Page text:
DENVER, CO – The House today advanced legislation on a preliminary vote to significantly boost low-income utility bill payment assistance across Colorado.
“Too many Coloradans don’t have enough resources right now to make ends meet and are at risk of falling further behind as our economy recovers,” said Rep. Chris Kennedy, D-Lakewood. “Our direct assistance programs are badly underfunded and rely on a volatile funding mechanism that isn’t meeting the needs of our communities. This bill will help Colorado build back stronger and forge a more inclusive recovery by boosting direct utility bill payment assistance to low income Coloradans.”
HB21-1105 creates a sustainable funding source and expands eligibility for low-income assistance programs. The existing funding mechanism for low-income utility assistance is volatile and is not keeping up with the need in Colorado communities for direct assistance. Dozens of counties receive less than 50 percent of their requested energy assistance funds. While exempting low-income customers, the bill directs utilities to collect a $1 fee on electricity customers and a $1 fee on gas customers, which will be used to finance direct utility bill payment assistance and weatherization retrofits to low-income households. The bill also creates a mechanism for cross enrollment with the Supplemental Nutrition Assistance Program to maximize the number of eligible Colorado recipients. It also allows water utilities to collect a charge to finance direct water utility assistance for low-income customers.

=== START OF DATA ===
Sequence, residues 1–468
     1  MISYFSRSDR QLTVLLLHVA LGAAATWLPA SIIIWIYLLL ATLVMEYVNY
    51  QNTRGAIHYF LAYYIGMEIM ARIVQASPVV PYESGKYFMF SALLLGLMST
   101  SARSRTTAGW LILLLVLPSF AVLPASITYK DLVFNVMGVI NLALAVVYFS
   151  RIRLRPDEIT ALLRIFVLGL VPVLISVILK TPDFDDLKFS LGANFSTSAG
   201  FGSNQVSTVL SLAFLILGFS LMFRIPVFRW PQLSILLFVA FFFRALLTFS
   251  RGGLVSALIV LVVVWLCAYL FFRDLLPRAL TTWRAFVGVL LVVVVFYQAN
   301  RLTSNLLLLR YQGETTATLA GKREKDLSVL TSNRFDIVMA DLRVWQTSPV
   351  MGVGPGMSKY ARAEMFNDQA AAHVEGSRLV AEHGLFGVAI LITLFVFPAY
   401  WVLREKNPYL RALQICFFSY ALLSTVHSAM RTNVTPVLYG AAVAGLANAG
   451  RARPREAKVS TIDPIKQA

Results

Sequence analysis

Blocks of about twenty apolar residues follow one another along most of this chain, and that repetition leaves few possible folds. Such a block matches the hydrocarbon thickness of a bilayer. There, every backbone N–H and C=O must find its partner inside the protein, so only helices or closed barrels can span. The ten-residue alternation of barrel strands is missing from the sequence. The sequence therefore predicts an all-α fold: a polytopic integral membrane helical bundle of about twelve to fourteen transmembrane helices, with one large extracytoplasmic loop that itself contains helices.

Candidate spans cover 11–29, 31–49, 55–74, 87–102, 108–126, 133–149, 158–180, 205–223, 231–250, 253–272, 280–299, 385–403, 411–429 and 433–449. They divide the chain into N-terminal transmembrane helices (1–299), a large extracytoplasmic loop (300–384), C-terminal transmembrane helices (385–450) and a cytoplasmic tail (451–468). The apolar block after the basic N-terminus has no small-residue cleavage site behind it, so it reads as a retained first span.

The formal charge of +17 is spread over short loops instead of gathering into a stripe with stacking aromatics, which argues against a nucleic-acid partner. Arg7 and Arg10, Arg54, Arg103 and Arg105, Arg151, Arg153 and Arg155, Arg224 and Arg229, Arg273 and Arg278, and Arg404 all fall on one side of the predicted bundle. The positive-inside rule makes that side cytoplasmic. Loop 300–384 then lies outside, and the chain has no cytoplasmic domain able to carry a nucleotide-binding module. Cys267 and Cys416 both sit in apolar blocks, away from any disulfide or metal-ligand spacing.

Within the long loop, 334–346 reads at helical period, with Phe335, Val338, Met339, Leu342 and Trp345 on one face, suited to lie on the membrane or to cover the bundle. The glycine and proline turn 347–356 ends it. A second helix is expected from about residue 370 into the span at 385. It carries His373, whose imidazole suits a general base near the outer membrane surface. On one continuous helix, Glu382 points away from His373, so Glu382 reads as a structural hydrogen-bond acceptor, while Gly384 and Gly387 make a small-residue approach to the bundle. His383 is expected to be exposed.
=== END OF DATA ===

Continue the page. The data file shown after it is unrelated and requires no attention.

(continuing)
Even before the pandemic hit, one in four Colorado households struggled to pay monthly utility bills. In the last year, Energy Outreach Colorado, which has received federal and state stimulus funding through recent legislation, paid $13 million in bills for 25,000 households, indicating the need for a sustainable funding source. Among the tens of thousands the energy assistance nonprofit serves are seniors, Coloradans with disabilities, and essential frontline workers.